FCC Putting A Stop To Gouging Inmates For Phone calls

You have a loved one in prison, which is bad enough, but then you discover that you are also being held as a hostage because of the exorbitant costs of staying in touch with them. In today’s world, everybody is used to have a cell phone and the competition for cell service is intense. That is why just about any cell carrier will offer you an unlimited amount of call time for as little as $30 to $40 dollars a month. However, if you are trying to call a loved on who is incarcerated, be prepared to get gouged.

Over two million people in the United States are jailed in either federal, state, and county correction facilities. More than 12 million people flow through this system each year and what this presents to the private companies that control the telecom services for the jails and prison in the United States is a captive money making opportunity. But they aren’t the only ones cashing in on this because it’s a money maker for the correction facilities too. This all happened because the phone service used in the prisons and jails was privatized. This privatization led to revenue sharing agreements between the private phone companies and the state and local governments that control those correction facilities that they operate in. Ultimately the revenue sharing also provided very little incentive for the state and local governments to discourage gouging the prison’s inmates and by proxy the inmate’s families for the “privilege” of speaking on the phone to each other.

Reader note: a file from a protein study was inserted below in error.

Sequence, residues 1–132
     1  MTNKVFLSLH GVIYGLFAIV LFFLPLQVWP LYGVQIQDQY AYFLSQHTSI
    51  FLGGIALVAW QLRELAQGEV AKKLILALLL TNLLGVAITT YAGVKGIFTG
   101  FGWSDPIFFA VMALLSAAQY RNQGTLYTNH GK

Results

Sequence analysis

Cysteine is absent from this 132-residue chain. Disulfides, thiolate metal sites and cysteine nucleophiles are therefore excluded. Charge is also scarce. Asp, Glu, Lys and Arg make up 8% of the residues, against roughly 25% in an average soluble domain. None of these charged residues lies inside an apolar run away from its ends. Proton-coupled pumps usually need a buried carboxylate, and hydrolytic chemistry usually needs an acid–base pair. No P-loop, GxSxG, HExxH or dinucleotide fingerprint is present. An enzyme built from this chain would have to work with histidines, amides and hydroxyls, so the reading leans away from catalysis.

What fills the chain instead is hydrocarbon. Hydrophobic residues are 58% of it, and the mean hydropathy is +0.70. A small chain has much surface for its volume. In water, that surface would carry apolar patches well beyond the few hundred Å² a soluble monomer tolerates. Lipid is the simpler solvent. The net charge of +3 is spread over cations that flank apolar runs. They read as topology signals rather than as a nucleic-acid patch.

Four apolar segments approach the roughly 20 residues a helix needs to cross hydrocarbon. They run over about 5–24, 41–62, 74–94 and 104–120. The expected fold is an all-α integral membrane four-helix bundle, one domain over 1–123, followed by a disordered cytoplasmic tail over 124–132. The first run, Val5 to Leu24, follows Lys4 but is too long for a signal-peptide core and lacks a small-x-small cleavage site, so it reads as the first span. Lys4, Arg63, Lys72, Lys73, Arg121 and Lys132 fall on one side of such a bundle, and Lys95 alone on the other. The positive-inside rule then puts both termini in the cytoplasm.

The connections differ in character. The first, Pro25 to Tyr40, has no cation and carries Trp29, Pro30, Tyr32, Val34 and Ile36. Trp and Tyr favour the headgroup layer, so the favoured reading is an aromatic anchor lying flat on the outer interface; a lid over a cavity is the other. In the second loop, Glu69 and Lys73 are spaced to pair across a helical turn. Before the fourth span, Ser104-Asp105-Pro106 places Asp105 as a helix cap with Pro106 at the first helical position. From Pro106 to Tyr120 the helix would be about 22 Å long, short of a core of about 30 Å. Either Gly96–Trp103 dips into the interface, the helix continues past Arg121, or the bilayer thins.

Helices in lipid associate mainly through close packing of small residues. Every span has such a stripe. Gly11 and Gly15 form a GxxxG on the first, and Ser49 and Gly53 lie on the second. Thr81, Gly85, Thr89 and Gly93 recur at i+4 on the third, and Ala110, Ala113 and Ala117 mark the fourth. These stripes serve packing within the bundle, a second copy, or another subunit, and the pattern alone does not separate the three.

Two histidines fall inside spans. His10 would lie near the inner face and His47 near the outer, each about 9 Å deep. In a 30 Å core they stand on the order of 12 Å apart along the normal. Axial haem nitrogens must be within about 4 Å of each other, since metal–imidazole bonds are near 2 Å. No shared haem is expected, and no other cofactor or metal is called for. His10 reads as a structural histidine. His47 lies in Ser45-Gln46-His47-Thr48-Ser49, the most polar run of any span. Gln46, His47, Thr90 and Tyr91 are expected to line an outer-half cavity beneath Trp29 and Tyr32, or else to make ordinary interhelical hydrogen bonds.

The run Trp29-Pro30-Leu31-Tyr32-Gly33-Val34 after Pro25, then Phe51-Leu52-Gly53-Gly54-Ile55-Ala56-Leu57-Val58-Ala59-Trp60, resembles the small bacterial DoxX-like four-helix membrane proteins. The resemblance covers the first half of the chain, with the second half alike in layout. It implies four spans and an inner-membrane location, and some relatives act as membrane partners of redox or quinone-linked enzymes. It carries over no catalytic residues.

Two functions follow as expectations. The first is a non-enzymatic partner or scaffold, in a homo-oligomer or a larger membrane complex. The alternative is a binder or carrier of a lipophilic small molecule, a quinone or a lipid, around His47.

Because of this, the Federal Communication Commission has taken some bold action and ordered rate caps be applied on all companies that provide calling services for inmates. These caps are to become effective March 17th for state and federal institutions and June 20th for local jails. In addition, The FCC has also placed caps on local as well as in-state long distance inmate calls as well as cut the caps by up to 50% for interstate long distance inmate calls.
To see the full article go to News-Press.com in the search box put Tell Mel: Inmate calls too expensive